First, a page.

ANZ Bank chair David Gonski has made a huge call for the Government to extend Australia’s dividend imputation system to tax paid offshore, saying that it is a barrier to Australian companies investing overseas and would provide “enormous benefits” to the economy.
The Australian reports this morning that he told a private conference:
I believe this is an area that needs to be looked at, and would be a clear indication to boards of directors as to whether our government wants us to invest and grow overseas, which I believe has enormous benefits.
This is a big call because he is asking for the Australian Government to recognise tax paid overseas which it doesn’t receive. Equally “Australia and New Zealand are the only two OECD countries to operate dividend imputation systems”, according to the Henry Tax Review.
In suggesting that local shareholders get a benefit for tax paid in other jurisdictions and that this would be an indication to Boards as to whether the Government wants them to invest offshore, Gonski’s idea seems to fly in the face of research quoted in the tax review which found that when it comes to the testing imputation credits on the cost of capital (put simply the cost of a company’s mix of debt and equity):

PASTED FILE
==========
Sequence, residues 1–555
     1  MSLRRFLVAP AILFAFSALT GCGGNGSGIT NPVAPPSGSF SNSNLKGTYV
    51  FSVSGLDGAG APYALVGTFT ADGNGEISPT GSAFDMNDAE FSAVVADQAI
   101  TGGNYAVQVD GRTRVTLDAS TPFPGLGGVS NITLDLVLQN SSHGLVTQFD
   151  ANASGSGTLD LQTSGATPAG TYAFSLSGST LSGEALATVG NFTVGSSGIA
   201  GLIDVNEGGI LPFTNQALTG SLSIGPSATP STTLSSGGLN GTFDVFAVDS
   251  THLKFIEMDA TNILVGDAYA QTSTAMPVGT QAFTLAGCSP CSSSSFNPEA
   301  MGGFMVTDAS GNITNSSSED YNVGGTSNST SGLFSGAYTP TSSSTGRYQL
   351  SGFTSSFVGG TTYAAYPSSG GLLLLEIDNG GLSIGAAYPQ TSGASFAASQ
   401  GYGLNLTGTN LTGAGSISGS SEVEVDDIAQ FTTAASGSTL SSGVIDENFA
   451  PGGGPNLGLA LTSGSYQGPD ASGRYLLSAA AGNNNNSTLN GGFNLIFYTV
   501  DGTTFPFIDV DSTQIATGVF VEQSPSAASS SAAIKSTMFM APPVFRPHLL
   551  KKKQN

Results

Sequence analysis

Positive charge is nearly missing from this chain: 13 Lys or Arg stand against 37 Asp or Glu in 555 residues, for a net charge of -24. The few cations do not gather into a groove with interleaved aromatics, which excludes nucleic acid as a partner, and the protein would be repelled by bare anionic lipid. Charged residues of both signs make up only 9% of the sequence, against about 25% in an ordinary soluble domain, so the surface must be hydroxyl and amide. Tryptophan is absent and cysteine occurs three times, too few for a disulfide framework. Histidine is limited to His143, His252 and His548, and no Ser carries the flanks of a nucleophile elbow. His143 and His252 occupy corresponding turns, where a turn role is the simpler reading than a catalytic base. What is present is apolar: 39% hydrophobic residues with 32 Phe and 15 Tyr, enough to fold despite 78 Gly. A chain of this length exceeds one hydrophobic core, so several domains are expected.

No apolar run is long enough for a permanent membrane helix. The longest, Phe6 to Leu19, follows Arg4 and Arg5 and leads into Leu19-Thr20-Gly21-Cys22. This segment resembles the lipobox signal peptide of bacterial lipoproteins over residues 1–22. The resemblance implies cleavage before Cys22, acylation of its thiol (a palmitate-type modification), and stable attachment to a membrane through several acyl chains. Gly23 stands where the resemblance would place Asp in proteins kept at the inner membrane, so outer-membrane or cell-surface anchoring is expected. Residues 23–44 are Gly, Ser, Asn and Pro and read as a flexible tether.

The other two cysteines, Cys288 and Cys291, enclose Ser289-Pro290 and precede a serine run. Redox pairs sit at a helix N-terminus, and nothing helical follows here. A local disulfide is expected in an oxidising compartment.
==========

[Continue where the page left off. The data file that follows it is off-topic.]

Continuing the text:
…only 13 of the 77 companies that responded to the survey made adjustments for imputation credits in project evaluation, including in respect of company estimates of their cost of capital (Truong, Partington & Peat 2005). Only three respondents attached a value of more than 50 per cent to imputation credits.
But Gonski said: “If (companies) are getting bigger and bigger offshore, how do they keep up (franked dividend) yield for investors?”
To be sure, it is an interesting question and Australia will be well-served economically if in the long run it is home to an increasing number of profitable global companies. But at first blush, it feels like a government subsidy for business to head overseas.
But that may not be a bad thing in the long run.
You can read more here.